The humiliation and slavery that will befall the people is represented in verse 20 by the razor cutting off their hair. The Assyrians cut off all the hair from their captives for three reasons: humiliation, sanitation (especially while traveling under crude conditions to Assyria), and separation (if any slaves escaped while being moved from their homeland, they could not blend in with other peoples since their baldness would give them away; thus they usually were quickly recaptured, punished, and returned to their captors). 
Victor L. Ludlow, Isaiah: Prophet, Seer, and Poet [Salt Lake City: Deseret Book Co., 1982], 145
The full, rounded beard was a sign of manhood and a source of pride to Hebrew men.  It was considered an ornament, and much care was given to its maintenance.  In fact, the wealthy and important made a ceremony of caring for their beards.  Custom did not allow the beard to be shaved, only trimmed (Lev. 19:27; 21:5), except in special circumstances…. 
 An attack on the beard is an attack on the person.  Because the beard was a symbol of manhood, it was a great insult to degrade someone’s beard.  Thus David’s men suffer grave humiliation when they return from a diplomatic mission with half of each man’s beard shaven by the Ammonites.  In fact, they did not return to Jerusalem until their beards had grown back (2 Sam. 10:4-5).  Similarly, Isaiah warns Israel that they will suffer a figurative emasculation at the hand of the king of Assyria (Isa. 7:20).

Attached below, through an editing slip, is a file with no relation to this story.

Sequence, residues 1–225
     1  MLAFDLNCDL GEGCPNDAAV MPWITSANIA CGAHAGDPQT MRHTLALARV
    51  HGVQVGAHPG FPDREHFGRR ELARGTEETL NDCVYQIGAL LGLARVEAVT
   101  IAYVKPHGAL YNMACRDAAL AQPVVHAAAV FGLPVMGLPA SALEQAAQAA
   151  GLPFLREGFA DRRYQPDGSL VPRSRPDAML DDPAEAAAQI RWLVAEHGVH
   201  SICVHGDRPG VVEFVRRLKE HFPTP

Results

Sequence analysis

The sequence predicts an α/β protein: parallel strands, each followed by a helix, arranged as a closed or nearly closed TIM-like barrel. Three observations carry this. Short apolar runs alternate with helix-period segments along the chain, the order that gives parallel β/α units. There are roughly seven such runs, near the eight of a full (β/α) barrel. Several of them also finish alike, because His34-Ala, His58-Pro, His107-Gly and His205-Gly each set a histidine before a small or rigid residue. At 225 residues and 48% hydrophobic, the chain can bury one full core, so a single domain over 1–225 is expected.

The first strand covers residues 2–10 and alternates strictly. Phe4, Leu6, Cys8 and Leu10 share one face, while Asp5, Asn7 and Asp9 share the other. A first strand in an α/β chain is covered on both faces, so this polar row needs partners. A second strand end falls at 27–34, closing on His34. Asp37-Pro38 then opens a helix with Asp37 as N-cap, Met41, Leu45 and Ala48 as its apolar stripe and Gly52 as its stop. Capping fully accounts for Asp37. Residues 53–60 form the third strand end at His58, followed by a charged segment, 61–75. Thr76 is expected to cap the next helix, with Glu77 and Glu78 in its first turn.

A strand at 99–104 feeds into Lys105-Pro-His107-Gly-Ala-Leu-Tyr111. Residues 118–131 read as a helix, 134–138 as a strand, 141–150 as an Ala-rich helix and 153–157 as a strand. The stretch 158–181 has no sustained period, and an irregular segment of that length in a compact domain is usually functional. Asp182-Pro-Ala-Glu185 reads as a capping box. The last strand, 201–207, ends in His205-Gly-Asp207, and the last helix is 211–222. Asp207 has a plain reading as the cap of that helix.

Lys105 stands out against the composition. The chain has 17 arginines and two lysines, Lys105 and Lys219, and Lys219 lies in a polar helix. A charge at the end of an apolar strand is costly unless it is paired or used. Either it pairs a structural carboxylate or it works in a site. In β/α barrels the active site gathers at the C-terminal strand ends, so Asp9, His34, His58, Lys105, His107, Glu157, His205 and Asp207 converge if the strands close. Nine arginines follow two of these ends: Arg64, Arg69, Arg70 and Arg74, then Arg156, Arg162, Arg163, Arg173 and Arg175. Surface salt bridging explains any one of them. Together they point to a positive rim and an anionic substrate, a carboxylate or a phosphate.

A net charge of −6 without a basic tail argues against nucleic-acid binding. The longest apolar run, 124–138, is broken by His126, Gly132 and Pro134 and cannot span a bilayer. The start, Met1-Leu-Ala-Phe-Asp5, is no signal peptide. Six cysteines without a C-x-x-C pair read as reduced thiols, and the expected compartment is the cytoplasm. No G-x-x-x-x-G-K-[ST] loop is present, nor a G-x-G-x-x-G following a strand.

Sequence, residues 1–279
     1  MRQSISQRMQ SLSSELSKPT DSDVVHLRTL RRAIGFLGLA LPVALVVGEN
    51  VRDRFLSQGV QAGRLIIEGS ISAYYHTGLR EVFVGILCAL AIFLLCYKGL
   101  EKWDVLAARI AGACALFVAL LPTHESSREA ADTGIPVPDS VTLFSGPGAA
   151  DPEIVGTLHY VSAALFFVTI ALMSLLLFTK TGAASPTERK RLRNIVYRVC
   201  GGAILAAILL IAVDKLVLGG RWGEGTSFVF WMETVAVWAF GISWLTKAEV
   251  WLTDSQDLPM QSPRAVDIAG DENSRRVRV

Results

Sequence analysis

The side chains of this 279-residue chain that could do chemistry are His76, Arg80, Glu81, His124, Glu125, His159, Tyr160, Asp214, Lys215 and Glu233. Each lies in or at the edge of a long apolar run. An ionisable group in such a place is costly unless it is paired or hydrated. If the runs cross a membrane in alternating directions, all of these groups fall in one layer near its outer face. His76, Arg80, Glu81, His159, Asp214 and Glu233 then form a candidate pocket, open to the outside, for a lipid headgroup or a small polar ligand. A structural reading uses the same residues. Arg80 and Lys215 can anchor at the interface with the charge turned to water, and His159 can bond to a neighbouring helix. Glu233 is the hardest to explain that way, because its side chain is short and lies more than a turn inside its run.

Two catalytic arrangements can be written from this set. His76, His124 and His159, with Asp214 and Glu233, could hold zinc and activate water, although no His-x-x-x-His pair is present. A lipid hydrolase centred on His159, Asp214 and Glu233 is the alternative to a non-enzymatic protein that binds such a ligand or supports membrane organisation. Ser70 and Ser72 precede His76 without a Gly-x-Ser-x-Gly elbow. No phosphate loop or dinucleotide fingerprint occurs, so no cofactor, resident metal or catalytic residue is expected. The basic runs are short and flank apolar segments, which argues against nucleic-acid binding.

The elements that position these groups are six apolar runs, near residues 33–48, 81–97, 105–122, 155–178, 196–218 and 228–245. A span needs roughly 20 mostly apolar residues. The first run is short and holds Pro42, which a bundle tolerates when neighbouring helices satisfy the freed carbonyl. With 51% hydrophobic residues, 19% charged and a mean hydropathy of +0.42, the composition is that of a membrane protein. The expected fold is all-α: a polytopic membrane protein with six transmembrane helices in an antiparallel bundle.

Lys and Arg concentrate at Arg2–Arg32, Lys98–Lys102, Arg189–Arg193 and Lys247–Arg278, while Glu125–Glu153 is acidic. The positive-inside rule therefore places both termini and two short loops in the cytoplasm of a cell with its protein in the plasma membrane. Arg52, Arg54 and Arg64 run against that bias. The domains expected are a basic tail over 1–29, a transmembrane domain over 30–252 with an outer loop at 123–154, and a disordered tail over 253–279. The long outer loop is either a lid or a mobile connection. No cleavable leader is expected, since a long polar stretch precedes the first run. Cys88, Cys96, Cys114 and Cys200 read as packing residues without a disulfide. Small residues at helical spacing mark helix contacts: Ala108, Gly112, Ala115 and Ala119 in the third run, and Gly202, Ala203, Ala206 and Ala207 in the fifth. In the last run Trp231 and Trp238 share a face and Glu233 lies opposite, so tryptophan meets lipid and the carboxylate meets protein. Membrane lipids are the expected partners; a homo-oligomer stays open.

Dictionary of Biblical Imagery, ed. Leland Ryken, James C

SO interesting. I didn't know all of that history and I love it! I also like beards :) Depending on the person. And it says right here they're a sign of manliness :)


Basically I hope I get called as a seminary teacher one day because it would be awesome. Now I need to get back to finishing my chapters because I spent over an hour analyzing this one short chapter in 2 Nephi and it was brilliant. 

I'm getting so much more out of Isaiah than ever before!

p.s. I'm haaaaappy :) :) :)
5 days til I'm happier

02 January 2013


“He giveth power to the faint; and to them that have no might he increaseth strength.

 “Even the youths shall faint and be weary, and the young men shall utterly fall:

 “But they that wait upon the Lord shall renew their strength; they shall mount up with wings as eagles; they shall run, and not be weary; and they shall walk, and not faint.”

Isaiah 40:29-31